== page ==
There is always a sense of excitement when a new artist or band comes on the scene, but how do people react when a rediscovered talent appears in the lime light again? Searching for Sugar Man (2012) is an inspiring and remarkable documentary on the story of a 1970’s folk singer named Rodriguez. The documentary is not just about the music of this talented soul but also of the mystery which was surrounded by him. Spotted performing in Detroit by two music producers they signed him onto their label ‘Sussex Records’ straight away as he was such an incredibly unique folk singerand guitarist. He released two albums from this record label in 1970 and 1971, one called ‘Cold Fact’ and another which is entitled ‘Coming from Reality’. On the album cover of ‘Cold Fact’ Rodriguez was on the front cover, sitting down, wearing sunglasses and the album cover was acknowledged to Sixto Rodriguez. From thefront of the vinyl it was unsure what his face looked like, how tall he was and where he was from. He had a Puerto Rican appearance so no one was entirely sure whether he was American or not. The album had no success in America, only a few copies were sold. After the little impact Rodriguez music had on America he decided to give up singing and song writing and focussed on his construction job, where at least his manual labour skills were acknowledged by others.
Strangely on the other side of the world in apartheid South Africa, Rodriguez album‘Cold Fact’ was a bigger hit than The Beatles ‘Abbey Road’. Rumour has it that oneof the only people who bought his album ‘Cold Fact’ in America had a boyfriend in South Africa, which she sent over to him. Rodriguez music dealt with oppression and the lyrics told a tale of loneliness, depression and the reliance of drugs to bring colour into his life. His most famous song in South Africa ‘Sugar Man’ includes lyrics which probably related to how those in apartheid were feeling. ‘Sugar man met a false friend, on a lonely dusty road. Lost my heart, when I found it, it had turned to dead black coal.’ It is the same with any music; neglected blacks of America may turn to hip hop as the artists who sing it feel what the public do too. Even though Rodriguez was a famous household name in South Africa and sold millions ofalbums, no one knew where the royalties were going. This lead to a suspicion that Sixto Rodriguez had died, there were rumours of him shooting himself on a stage and of covering himself in petrol and setting himself on fire. This is where the most remarkable part of the story happens.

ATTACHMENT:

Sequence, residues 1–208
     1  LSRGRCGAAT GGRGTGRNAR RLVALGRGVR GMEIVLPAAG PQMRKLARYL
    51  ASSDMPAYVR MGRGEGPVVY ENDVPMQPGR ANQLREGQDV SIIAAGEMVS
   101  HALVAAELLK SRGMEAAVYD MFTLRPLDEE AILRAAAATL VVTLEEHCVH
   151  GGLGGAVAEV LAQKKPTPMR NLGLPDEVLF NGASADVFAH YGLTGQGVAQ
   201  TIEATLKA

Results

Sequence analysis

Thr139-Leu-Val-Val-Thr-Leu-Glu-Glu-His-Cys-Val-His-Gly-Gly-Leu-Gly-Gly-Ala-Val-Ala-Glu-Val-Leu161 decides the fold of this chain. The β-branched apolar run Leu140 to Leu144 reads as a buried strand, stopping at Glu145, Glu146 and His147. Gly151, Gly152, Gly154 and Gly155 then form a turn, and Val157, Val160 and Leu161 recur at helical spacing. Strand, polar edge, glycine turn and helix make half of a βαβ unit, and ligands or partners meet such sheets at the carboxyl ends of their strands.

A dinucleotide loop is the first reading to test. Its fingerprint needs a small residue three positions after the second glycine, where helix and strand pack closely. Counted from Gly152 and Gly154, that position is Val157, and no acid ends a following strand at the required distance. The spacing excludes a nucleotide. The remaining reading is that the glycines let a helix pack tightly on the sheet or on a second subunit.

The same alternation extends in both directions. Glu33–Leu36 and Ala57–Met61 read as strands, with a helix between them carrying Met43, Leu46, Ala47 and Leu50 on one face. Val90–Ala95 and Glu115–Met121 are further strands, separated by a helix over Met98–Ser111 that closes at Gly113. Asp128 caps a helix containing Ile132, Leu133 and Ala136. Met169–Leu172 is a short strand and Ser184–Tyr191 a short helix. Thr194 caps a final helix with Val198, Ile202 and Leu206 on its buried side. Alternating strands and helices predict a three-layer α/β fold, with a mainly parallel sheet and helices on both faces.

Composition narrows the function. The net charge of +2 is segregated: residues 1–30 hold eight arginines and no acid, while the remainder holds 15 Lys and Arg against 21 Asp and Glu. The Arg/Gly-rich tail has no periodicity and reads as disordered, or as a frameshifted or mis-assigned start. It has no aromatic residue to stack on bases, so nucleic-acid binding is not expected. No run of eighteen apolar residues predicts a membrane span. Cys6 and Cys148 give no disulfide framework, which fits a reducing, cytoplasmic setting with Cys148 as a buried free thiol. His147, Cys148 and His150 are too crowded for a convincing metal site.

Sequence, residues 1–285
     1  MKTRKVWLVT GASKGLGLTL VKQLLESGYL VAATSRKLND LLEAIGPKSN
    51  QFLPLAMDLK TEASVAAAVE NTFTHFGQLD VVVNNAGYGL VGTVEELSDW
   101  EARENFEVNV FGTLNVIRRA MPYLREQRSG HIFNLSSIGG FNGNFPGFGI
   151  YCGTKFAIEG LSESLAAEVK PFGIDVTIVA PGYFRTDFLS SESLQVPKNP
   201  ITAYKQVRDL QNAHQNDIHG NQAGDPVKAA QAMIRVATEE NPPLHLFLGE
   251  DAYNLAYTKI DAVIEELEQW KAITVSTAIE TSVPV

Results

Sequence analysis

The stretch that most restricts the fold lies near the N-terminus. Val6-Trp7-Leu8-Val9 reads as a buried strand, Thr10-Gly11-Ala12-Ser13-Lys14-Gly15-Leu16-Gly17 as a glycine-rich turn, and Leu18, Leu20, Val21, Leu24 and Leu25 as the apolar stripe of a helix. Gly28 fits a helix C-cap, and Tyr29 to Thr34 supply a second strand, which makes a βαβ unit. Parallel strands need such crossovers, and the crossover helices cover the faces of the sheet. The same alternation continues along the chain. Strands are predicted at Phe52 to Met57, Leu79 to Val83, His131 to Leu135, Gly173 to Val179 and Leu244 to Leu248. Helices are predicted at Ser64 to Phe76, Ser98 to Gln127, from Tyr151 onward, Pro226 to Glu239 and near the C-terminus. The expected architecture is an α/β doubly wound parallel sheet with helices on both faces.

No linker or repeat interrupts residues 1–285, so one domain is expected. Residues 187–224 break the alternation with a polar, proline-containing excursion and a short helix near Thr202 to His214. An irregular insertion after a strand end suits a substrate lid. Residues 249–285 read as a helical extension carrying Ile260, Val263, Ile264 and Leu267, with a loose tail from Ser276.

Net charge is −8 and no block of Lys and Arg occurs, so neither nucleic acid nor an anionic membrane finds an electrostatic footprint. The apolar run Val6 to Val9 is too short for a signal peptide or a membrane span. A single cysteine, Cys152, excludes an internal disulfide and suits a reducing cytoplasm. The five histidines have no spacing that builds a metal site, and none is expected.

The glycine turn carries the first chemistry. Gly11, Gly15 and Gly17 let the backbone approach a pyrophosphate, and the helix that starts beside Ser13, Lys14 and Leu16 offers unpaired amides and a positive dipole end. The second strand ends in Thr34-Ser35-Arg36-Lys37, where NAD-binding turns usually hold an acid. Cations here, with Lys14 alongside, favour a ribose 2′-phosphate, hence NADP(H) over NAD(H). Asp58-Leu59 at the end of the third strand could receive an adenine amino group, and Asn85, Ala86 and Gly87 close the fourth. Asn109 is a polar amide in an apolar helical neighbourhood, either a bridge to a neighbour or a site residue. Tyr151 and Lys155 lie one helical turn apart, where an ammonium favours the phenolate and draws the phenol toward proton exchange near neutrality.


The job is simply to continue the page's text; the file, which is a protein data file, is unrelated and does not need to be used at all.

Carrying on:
Two decades later in South Africa, record shop owner Stephen ‘Sugar’ Sergman followed Rodriguez music religiously and was fascinated with the mystery surrounding his disappearance. He started putting adverts in his vinyl cases asking the public for any information on the singer. One person contacted him; he was Craig Bartholomew – Strydom who is a music journalist in Cape Town. He was beginning to write an article on the mystery that was Rodriguez’s death. They teamed up and tried to locate any information that they could about sugar man. From researching his lyrics, to creating adverts and forums about him and travelling the world to find out anything they could about the mysterious singer. In 1998 they were rewarded, when Rodriguez eldest daughter contacted the two and explained how it was her father. Rodriguez then phoned Stephen in the early hours of the morning and explained his story. Sergman and Bartholomew – Strydom then agreed to fly Sixto out to South Africa to play concerts as he was such a sensation.